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The Mystery Of Titus Young Continues, Saga Highlighted In New Report

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DETROIT, MI - OCTOBER 28:  Wide receiver Titus Young #16 of the Detroit Lions jumps into the stands to celebrate a touchdown catch in the second quarter against the Seattle Seahawks October 28, 2012 at Ford Field in Detroit, Michigan.  (Photo by Al Messerschmidt/Getty Images)

DETROIT, MI – OCTOBER 28: Wide receiver Titus Young #16 of the Detroit Lions jumps into the stands to celebrate a touchdown catch in the second quarter against the Seattle Seahawks October 28, 2012 at Ford Field in Detroit, Michigan. (Photo by Al Messerschmidt/Getty Images)

AshleyDunkak Ashley Dunkak
Ashley writes feature stories and news articles about the Lions,...
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By Ashley Dunkak
@AshleyDunkak

The saga of former Detroit Lions wide receiver Titus Young came back into the national spotlight Tuesday when Robert Klemko of Sports Illustrated’s online venture MMQB published a lengthy piece detailing Young’s decline.

Young, whom the Lions cut in February, was arrested three times in the span of a week in May – first for a DUI, second for trying to steal his car that was impounded after the arrest and third for breaking into a home in San Clemente, Calif.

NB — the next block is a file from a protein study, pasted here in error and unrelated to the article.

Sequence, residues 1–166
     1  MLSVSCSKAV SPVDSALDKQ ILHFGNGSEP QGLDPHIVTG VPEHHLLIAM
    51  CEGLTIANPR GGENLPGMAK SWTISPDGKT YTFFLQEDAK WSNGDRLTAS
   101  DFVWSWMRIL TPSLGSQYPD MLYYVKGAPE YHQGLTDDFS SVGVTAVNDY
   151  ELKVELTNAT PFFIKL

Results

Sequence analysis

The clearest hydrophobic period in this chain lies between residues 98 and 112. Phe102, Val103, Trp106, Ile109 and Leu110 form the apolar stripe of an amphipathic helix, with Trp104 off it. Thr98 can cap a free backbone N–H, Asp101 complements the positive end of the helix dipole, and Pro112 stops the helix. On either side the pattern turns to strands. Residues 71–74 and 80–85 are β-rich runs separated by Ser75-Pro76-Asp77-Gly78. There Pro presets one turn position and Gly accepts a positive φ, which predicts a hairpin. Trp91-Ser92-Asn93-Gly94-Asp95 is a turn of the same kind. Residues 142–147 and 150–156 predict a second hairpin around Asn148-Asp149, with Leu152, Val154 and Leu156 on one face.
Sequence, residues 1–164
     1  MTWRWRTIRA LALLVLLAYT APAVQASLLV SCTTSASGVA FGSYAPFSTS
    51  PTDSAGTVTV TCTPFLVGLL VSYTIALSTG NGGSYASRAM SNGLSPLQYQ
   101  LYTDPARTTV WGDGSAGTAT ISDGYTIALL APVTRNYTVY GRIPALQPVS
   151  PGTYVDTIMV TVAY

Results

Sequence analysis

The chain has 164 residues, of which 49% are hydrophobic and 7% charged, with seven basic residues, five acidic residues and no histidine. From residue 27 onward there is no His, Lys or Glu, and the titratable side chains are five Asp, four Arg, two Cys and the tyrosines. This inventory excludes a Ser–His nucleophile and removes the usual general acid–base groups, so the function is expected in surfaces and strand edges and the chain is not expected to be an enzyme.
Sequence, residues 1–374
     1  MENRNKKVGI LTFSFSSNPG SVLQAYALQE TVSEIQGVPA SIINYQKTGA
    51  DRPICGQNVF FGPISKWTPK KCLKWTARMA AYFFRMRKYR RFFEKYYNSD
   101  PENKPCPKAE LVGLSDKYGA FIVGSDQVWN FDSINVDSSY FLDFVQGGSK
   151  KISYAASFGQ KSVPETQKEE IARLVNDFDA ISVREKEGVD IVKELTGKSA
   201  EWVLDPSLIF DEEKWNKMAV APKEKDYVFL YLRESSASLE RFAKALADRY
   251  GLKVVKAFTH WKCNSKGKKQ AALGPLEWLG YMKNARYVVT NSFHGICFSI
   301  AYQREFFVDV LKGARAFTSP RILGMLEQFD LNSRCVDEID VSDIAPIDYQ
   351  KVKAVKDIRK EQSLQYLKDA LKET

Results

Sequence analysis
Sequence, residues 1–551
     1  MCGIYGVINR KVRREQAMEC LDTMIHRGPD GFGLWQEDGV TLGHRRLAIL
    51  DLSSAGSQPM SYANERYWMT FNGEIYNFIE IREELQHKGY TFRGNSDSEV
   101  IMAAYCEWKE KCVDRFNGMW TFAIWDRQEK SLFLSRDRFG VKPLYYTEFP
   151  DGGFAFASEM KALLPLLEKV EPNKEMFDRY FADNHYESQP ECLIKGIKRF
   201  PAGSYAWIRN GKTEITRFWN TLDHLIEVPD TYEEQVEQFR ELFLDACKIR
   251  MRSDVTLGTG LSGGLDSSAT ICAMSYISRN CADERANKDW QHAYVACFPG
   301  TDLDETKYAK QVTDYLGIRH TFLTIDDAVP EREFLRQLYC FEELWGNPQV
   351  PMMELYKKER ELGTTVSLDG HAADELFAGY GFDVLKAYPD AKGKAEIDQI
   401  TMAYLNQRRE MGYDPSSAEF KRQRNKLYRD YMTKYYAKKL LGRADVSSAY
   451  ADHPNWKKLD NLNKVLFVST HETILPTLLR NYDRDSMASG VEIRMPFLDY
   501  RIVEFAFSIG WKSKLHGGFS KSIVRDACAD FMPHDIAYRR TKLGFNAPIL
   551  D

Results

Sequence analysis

One of the more interesting voices in the article was that of Young’s high school coaches, E.C. Robinson and Lee Lowe.

Both talked about what a physical player Young was in high school, playing wide receiver but also safety, always looking to take the kind of shots that used to comprise ESPN’s big-hit segment entitled “Jacked Up” on Monday Night Football.

Robinson’s teams hit hard, sometimes with their heads. After a summer of sneaking into football camps with coach Lowe, Young wanted to make a statement in 2006, his senior year. He’d built buzz among recruiters as a fearless safety and a speed receiver. Young was particularly amped for the season opener against rival San Pedro. “I remember the game like it was yesterday,” Lowe says. “[Titus] said, I don’t need no picks, I got to let ’em know. He was sitting them on their ass, but it was all helmet to helmet. He was hitting guys so hard, like a scholarship was on the line. He was like a torpedo. Knockout shots.”

Says Robinson: “Titus loved to hit with his head.”

The article mentioned Young’s complaints that he should be the No. 1 receiver instead of superstar Calvin Johnson, his fight with safety Louis Delmas in practice and his general discontent and problems with the Lions.

At one point, Robinson called Young’s player agent, Kevin Poston, who said he had tried to get Young psychiatric help in Detroit but that Young had simply left the facility.

Boise State, where Young played his college ball, does not release injury information, but Young’s high school coaches recall the receiver admitted to dizziness on multiple occasions there, and they suspect those could be a factor in Young’s actions.

Young is supposed to report to the Newport Beach courthouse Aug. 27. He did not report Aug. 6 because he was undergoing treatment, his attorney told MMQB. If he does not show up Aug. 27, he will be subject to arrest.

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